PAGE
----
Reviewed: September 18, 2011
Genre: Paranormal Romance
Series: N/A (Non-Series / Stand-Alone)
Rating: 3 Stars
Length: 83,000 Words
Formats: Kindle, Nook
Disclosure: An ARC of this book was provided to me by Carina Press via NetGalley. This rating, review, and all included thoughts and comments are my own.
Music is a dark passion for rock musician Gabriel Gunn, as well as his vehicle for emotional expression. It reflects the rage and pain that stains his soul after a life of tragedy, horror, and pain.
But not everything is misery for the rocker. His band just closed out a wildly successful tour with their best performance to date and he's looking forward to a couple weeks of rest and relaxation as he leaves the venue with his best friend and band manager David. In that moment, Gabriel was feeling pretty good with the world in general.
The moment was fleeting.
Before Gabriel could wrap his mind around just how quickly his life had turned to hell yet again, he and David stumble onto an incomprehensible scene of shattered glass and blood, the dead stare of the murdered driver haunting them both. Then life took an even more twisted, surreal turn when a figure separated from the shadows and drew a bloodied sword. David fell under the blade and Gabriel was run through trying to defend him. Just before he passed out, Gabriel saw her. A woman he'd noticed backstage during the concert. As his world went dark and his blood spread in a widening pool around him, she engaged the fiend that had attacked them. Like a stained snapshot, she was the last thing he saw - her hair like moonbeam, her sword like silver fire...her wings...her wings...
Guardian angels are a myth. Angels, in fact, didn't much care for humanity, considering them as little more than the usurpers of a realm and planet that the angels wanted for themselves. Despite that, Amelia had guarded one man since birth, using her angelic abilities to protect and hide him both from others of her kind and from himself. It was an emotionless task, as Angels had long ago given up emotion. At least it was supposed to be.
Amelia, however, had been in the human realm for too long without the angel song that fed her soul and kept her alive. And kept her emotions bound. Still she remained with Gabriel after chasing off his foe. Guarding him, watching him, feeling for him. He was her charge and she failed him, humans dying for her mistake. It is not one she would be repeating. It wasn't only her life depending on her continued success, either. If by some chance what is inside Gabriel is released, it will start another angelic war.
What she hasn't told Gabriel, though, is a secret that could change everything, a truth that could destroy even the last vestiges of hope. For what is rising inside Gabriel is a force of evil unmatched in both their realm's. Gabriel Gunn holds inside himself the soul of Lucifer. His fate is sealed, his options are limited to two: die to guarantee that Lucifer's soul doesn't rise, or lose his soul to Lucifer's ascension then die.
Either way, life definitely sucked.
While I've enjoyed my share of dark paranormal romance, I have to admit, Coi's Falling Hard didn't thrill me as much as I'd hoped it would. I had a very hard time feeling any sort of connection to the lead characters, the world building was well-developed but grim, the main threads of the plot seemed limited and lacked depth, and the tone of the story lacked the glimmers of hope or redemption that make dark themed tales appealing or satisfying reading for me.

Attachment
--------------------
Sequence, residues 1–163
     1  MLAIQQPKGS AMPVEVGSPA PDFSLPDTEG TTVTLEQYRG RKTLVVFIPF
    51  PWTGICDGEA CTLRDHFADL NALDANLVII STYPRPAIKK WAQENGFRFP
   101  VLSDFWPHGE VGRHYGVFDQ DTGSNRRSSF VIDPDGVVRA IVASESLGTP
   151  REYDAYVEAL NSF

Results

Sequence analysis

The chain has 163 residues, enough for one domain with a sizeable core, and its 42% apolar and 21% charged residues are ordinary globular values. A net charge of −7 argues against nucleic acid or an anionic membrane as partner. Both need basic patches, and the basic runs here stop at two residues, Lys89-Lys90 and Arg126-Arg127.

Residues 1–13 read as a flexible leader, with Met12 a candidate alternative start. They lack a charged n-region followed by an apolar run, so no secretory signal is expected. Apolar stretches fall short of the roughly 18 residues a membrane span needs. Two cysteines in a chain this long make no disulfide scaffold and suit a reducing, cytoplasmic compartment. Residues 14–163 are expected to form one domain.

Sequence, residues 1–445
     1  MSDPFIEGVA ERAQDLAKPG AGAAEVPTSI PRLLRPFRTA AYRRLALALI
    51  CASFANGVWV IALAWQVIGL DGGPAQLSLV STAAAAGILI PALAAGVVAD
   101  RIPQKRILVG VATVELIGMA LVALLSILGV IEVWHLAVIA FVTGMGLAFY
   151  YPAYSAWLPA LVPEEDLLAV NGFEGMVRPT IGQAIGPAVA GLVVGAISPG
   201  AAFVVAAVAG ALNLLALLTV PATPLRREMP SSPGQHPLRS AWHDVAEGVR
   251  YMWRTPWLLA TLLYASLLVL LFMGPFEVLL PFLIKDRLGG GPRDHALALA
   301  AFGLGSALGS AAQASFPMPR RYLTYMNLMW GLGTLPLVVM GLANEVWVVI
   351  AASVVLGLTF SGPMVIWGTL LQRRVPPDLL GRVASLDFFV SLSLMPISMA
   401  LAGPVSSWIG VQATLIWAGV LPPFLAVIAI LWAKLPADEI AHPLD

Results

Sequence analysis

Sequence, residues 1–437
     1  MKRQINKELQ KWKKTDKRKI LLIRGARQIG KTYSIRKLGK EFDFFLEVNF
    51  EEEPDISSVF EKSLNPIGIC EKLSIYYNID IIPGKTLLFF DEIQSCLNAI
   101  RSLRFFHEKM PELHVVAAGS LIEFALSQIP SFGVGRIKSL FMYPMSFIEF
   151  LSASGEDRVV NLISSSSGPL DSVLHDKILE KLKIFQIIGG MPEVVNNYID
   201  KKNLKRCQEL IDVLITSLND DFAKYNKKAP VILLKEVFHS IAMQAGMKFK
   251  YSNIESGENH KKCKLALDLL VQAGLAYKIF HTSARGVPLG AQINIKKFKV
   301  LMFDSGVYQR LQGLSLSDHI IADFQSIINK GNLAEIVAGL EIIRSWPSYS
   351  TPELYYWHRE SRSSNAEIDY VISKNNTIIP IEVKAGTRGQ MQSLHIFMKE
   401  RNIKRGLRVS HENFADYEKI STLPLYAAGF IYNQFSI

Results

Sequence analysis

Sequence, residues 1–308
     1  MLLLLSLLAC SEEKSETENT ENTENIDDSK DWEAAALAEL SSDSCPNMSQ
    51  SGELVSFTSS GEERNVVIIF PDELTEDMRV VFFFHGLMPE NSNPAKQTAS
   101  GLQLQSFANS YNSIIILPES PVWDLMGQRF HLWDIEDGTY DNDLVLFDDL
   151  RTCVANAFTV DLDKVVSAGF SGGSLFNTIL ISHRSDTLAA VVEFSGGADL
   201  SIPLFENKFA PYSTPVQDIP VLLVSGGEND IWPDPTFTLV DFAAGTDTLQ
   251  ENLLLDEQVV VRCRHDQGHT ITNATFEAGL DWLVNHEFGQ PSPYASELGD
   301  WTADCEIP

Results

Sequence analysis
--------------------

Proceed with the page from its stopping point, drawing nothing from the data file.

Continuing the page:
The hero Gabriel was so angst-ridden and filled with rage that he didn't invite much sympathy, despite his history. I considered him more of an anti-hero, but the story didn't fully support that label, either, so I just couldn't seem to invest in his plight. Amelia was slightly more appealing as the angel who had been tasked with guarding Gabriel since his birth. As a warrior she was strong and coldly competent, as a female who was experiencing emotion for the first time in millennium she was less appealing to me. My oft-mentioned prejudice against weak female characters got stirred a few times by several scenes in which Amelia came off as a naive ingenue type when viewed against the jaded carnality of Gabriel. It didn't work for me.
The story vaguely reminded me of the start of Adrian Phoenix's dark urban fantasy series, The Maker's Song, though more in tone and a few minor similarities in the main characters than in plot or world building. Falling Hard has the same sense of grim inevitability, and the lead characters in both are dark anti-hero types with tons of baggage, with romantic leads who are warriors intent on protecting them, but neither the plot nor the world of this book have as many secondary and ancillary plot threads to add depth to the story, nor is the book as heavily populated by secondary and ancillary characters as Phoenix's.
When I finished the novel I checked the author's website to see if I could determine if Falling Hard was a stand-alone book or a series debut but the results weren't conclusive. I felt vaguely uncomfortable and conflicted by the book's ending. For me, it offered no redemption, little happiness, and too few overall positives, and I wasn't thrilled with the culmination of Gabriel's character. If this is a series debut, some of that would be forgivable, even understandable, because I expect characters to expand and evolve and their stories to become more complex as a series progresses. It doesn't bother me as much if those aspects are a bit rough at the start. Not knowing forces me to view it as a stand-alone, and in that regard, neither the characters and their romance, nor the external conflict and resolution were enough to fully engage and entertain me.
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